Commercial Heated Holding Equipment Buying Guide
A Quick Overview….
How do you hold your food product, while keeping it sanitary and fresh for your customers? Some form of holding the food is necessary for most cooking establishments; and many establishments without warm food holding equipment could benefit from them. From baking and holding bread, to serving hot and fresh food to customers. Heated holding can range from short term countertop holding with heat lamps, to transportation across long distances for longer periods of time.
With whichever holding type is used, heated holding can provide quality, fresh food to every customer who walks into your venue. There are several types of heated holding, with a large portion being available with casters for transportation (countertop units excluded). Keep reading…
1. Heating Holding Basics
While there are many serving/holding options for storing warm/hot food product, heated holding in its most basic form is in the highest demand. This is due to many factors, and because of these many factors, heated holding should be considered for all establishments.
Heated holding is already found in most venues, and has been used almost since the dawn of electricity. From buffet lines, to hospitals, to fast food establishments, you’ll see heated holding everywhere.
Typically, heated holding carts are used at buffet lines, where products sit in a moist/hot environment while waiting to refill the food bays on the buffet. They are also used to transport food long distances and are normally found in cafeterias, hotels, and hospitals. However, these cabinets are not always found behind the front counter which constantly relies on reaching to the kitchen.
Countertop versions of heated holding cabinets are available. Due to their size, it is far easier to find space for them. They are typically placed close to a front counter or buffet, in order to provide easily accessible food product or faster service.
There are merchandizing options available as well. These range in size and shape. For example, a gas station may use self-serve heated merchandisers in order to provide quick service for customers; whereas a heated merchandizer behind a counter may be used to display food product while limiting the customers’ access. Not only do they have glass doors for letting the consumer see the product, but they may come with automatic product rotation (such as the automatic lazy-susan) and customized LED displays for quality control.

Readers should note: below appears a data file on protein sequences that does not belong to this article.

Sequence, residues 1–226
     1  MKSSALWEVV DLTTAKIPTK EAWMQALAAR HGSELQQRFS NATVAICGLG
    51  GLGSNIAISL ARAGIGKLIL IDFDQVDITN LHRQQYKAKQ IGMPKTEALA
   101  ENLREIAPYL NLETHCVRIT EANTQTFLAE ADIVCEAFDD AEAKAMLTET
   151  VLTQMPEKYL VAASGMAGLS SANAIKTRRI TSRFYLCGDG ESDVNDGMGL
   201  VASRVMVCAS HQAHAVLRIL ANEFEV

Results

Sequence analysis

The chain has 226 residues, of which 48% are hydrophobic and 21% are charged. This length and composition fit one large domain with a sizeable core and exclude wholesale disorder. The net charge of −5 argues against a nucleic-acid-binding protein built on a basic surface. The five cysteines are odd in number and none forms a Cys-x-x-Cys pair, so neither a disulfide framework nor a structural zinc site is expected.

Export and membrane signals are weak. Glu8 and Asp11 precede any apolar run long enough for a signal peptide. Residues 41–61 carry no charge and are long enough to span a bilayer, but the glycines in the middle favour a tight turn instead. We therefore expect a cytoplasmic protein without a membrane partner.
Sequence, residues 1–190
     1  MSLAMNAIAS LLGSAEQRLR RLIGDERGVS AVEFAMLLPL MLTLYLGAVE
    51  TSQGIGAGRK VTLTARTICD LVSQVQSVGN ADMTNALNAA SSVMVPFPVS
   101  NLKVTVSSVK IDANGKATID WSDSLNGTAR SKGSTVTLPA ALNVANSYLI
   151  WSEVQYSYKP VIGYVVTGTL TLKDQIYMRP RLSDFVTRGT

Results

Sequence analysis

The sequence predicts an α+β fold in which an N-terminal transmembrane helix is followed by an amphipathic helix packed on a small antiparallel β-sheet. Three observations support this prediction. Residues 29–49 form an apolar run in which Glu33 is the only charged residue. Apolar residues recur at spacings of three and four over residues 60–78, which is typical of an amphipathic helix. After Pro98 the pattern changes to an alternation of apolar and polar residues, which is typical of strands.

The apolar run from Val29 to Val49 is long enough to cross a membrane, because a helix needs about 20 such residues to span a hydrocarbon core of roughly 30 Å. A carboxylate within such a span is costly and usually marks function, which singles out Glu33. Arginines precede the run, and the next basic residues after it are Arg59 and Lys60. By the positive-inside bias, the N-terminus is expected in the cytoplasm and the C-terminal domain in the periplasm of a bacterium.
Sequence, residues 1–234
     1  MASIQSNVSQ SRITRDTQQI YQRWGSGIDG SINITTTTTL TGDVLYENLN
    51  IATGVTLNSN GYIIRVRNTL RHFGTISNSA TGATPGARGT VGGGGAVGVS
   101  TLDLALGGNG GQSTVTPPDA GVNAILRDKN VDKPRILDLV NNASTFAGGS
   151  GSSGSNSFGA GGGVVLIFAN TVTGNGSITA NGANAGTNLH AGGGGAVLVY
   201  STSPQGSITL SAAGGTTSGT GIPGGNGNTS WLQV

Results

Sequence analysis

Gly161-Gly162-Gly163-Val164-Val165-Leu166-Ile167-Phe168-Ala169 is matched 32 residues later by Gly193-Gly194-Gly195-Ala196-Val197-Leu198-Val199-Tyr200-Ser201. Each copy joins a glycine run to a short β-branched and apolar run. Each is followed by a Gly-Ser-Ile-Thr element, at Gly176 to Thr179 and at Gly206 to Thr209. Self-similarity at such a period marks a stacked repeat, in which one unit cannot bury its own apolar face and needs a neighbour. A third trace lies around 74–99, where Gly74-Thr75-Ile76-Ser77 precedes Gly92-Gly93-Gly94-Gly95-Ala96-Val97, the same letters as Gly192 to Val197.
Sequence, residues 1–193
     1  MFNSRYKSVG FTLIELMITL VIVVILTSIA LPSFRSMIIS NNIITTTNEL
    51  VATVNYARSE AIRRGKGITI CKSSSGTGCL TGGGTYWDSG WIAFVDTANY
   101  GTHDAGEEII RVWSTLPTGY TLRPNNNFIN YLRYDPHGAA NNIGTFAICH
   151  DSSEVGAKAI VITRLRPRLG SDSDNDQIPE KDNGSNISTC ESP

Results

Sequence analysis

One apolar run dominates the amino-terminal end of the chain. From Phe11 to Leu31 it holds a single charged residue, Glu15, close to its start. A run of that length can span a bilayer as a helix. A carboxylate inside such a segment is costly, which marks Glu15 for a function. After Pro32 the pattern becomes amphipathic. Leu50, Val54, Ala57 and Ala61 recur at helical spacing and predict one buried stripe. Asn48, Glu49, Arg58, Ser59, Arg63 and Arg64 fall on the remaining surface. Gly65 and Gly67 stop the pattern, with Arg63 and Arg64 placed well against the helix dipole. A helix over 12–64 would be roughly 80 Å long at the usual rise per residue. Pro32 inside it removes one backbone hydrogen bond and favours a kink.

3. Cook and Hold
Cook and Hold cabinets/equipment are probably the second types of heated holding in circulation, and it is often overlooked or not considered as a heated holding type of equipment. This is due to it’s ability to cook or almost act as an oven. Although food product should not be initially cooked in a cook and hold cabinet, browning and finishing can be done in the cabinet. Such as “crisping the chicken” or “browning the biscuits.”
Cook and Hold cabinets are best suited for close-to-counter work. They range in size from countertop units to full-size carts (over 70” tall). Food product can be pre-seared or browned before being placed in the cabinet to keep complex or abundant flavors. The product can be kept until the customers are ready to be served.
4. Drawer Warmers and Chip Warmers
Chip warmers are just as they sound. They are designed to keep chips (and similar products) crisp, moist, and fresh. They are stored in convenient-to-access equipment and are filled/depleted when necessary. Oftentimes, dine-in establishments serve chips on a table directly from a pan that was (when in the kitchen) used as a cooling bay.
Using a drawer style warmer is a better option that will ensure the product’s freshness/moistness. This also creates a more seamless operation, from creation to serving. Not only dine-in restaurants, but fast casual and fast food restaurants can benefit the same since any establishment who seeks to expand their customer count when viable storage options are needed.
Proofing can refer to two different steps in bread making. It can either be the initial dissolving of the yeast and water; but more commonly, proofing is referred to as the last rising of the bread. This last step typically happens to the already shaped loaf and can happen once or twice in the baking process.
Thanks to proofing cabinets, the speed of this part of the process is greatly increased and the quality is kept. The correct temperature and humidity levels for the bread are optimized and under control of the baker. Not only o they speed things up, they can do so in larger quantities. This means that proofing cabinets will support mass production of bread products.
6. Additional Info
Keeping the product closer to the counter. Even the proofer cabinet which will be radiating with the smell of fresh bread. Keeping things close to the counter means cutting out a lot of leg-work for people who shouldn’t turn their backs to the customers. This is a commonly over-looked place which could greatly benefit from the convenience.